What You Should Know About Cranberries
Whether you’re looking to add a healthy snack to your diet or are just interested in what cranberries are, there are some things you should know before you make your decision. Cranberries, also called Vaccinium oxycoccos, are a variety of trailing vines.
PACs in cranberries may help teeth.
PACs in cranberries may help teeth by promoting dental health and helping prevent gum disease. PACs are natural compounds found in many plants and fruits, including cranberries. They also have antioxidant properties, which can help protect the body from infection.
Studies have shown that the PACs in cranberries may protect the teeth from bacteria that lead to tooth decay. However, there is limited evidence to back this up.
The PACs in cranberries may also promote the health of the urinary tract. Research has shown that they can break up biofilms on the bladder wall. This makes the bacterial cell wall more porous, which allows antibiotics to penetrate. This decreases the chance of developing a urinary tract infection (UTI).
They may prevent urinary tract infections.
Cranberries are among the foods and supplements that have been tested for the prevention of urinary tract infections (UTIs). However, despite the widespread use of cranberries as a folk remedy for UTIs, it has been found that cranberry products are ineffective in preventing UTIs.
Researchers have found that the compounds in cranberries inhibit the adhesion of bacteria to the uroepithelial cells that line the bladder. These compounds may also interfere with the invasion of bacteria into the vagina. In vitro studies have shown that trans-cinnamaldehyde reduces E. coli attachment to the uroepithelial cell.
Despite the promising results from the research, scientists are still unsure exactly what compounds in cranberries are responsible for these effects. Some researchers believe that cranberries can inhibit bacteria from adhering to the urinary tract walls because they create a slippery coating.
They may help prevent colon and gastrointestinal cancers.
Several studies have shown that cranberries effectively inhibit colon and gastrointestinal cancers. However, many questions need to be answered about the mechanism of action of these compounds. In addition, clinical trials are required to evaluate the efficacy of cranberries in high-risk human populations. These studies must also determine the effects of cranberry consumption on the microbiome.
In vitro studies have shown that cranberry-derived extracts inhibit the growth of cancer cells. In addition, these compounds affect the inflammatory and oxidative status of cells, the cell cycle kinetics, and the invasion of the extracellular matrix. These compounds also reduce the levels of TNFa and IL-6 in cancer cells.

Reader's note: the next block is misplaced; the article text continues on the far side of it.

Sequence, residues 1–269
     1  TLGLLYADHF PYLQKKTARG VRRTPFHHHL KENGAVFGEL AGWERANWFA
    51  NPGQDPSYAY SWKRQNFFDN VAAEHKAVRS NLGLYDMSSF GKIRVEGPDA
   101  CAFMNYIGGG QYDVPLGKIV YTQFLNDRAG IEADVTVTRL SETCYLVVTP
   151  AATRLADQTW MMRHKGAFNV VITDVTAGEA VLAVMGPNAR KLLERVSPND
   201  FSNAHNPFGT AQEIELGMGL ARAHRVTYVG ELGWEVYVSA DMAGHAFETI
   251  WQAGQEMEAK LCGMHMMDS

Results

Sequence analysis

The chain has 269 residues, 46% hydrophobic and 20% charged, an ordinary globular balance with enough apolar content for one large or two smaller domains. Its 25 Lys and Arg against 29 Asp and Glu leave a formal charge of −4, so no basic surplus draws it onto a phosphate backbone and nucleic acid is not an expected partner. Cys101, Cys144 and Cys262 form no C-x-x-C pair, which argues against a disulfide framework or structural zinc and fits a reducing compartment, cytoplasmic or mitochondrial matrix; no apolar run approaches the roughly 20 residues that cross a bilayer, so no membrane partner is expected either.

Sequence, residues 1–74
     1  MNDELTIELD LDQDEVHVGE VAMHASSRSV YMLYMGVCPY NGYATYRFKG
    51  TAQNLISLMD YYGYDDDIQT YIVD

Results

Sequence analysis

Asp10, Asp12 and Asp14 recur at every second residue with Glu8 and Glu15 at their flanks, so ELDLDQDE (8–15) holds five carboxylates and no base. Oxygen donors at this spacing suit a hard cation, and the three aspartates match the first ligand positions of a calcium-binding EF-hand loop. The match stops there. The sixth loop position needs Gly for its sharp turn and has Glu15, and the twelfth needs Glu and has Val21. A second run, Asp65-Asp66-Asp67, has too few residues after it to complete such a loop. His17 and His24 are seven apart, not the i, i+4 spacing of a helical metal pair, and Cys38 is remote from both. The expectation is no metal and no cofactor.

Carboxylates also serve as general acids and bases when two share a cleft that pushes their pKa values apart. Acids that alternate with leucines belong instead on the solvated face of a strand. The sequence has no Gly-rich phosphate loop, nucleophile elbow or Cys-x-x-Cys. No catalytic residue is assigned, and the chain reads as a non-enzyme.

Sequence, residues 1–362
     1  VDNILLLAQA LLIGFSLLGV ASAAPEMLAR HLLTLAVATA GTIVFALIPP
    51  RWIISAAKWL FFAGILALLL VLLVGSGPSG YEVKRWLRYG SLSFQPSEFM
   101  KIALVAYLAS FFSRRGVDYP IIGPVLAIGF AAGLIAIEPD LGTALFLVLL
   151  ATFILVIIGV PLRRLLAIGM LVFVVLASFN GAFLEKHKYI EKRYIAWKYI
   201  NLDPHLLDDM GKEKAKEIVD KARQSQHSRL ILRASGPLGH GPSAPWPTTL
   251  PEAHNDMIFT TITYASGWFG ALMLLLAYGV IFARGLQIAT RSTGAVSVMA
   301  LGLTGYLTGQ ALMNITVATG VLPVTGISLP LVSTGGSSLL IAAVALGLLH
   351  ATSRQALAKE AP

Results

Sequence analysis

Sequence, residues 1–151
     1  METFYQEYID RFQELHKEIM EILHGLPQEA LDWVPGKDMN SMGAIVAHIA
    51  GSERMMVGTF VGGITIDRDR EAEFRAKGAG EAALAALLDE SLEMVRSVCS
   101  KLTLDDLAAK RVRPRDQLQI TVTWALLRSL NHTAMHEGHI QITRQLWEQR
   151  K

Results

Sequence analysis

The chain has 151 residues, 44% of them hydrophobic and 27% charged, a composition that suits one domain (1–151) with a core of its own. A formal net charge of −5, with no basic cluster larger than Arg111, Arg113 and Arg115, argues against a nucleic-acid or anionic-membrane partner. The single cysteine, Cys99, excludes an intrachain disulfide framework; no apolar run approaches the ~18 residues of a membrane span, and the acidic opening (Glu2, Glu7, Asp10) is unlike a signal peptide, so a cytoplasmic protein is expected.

In vivo studies have shown that cranberry extracts reduce tumor growth in several colorectal and stomach cancer animal models. In these studies, cranberry products were administered orally or intraperitoneally. The studies examined cranberry products that contain anthocyanins, ursolic acid, proanthocyanidins, polyphenols, and triterpenes.
They contain high levels of oxalate.
Fortunately, many fruits and vegetables are low in oxalate. However, the more oxalate-rich foods you eat, the more likely you are to form kidney stones. So it is essential to know which foods to avoid.
Some of the oxalate-rich foods include berries, nuts, and dried fruits. You’ll want to watch your portion sizes and track how much you spend on these treats. It’s important to note that oxalate is a natural compound found in plants. In addition to kidney stones, overeating oxalate can also cause renal inflammation. It’s also important to know that oxalates can bind to calcium in your body, increasing the risk of kidney stones.
Some high-oxalate fruits and vegetables include sweet potatoes, okra, yams, rhubarb, and beets. These foods are rich in vitamins, minerals, and fiber but contain oxalate.
They may interact with medications.
Several drugs can interact with cranberry, which is a popular beverage. If you are taking a medication, talk to your healthcare provider about how to best manage it. Cranberry juice may increase your medications’ effectiveness or increase your risk of bleeding.
Cranberry juice may interact with warfarin, the most common anticoagulation medication. The fluid may also increase the effect of warfarin by increasing the time it stays in your body. However, the mechanism by which the juice interacts with warfarin is unknown.
Cranberry juice may also interact with other drugs, including those broken down by your liver. However, there is not enough evidence to know if the effect of cranberry juice on your medications will increase the number of times they are broken down or how much of the drugs are broken down.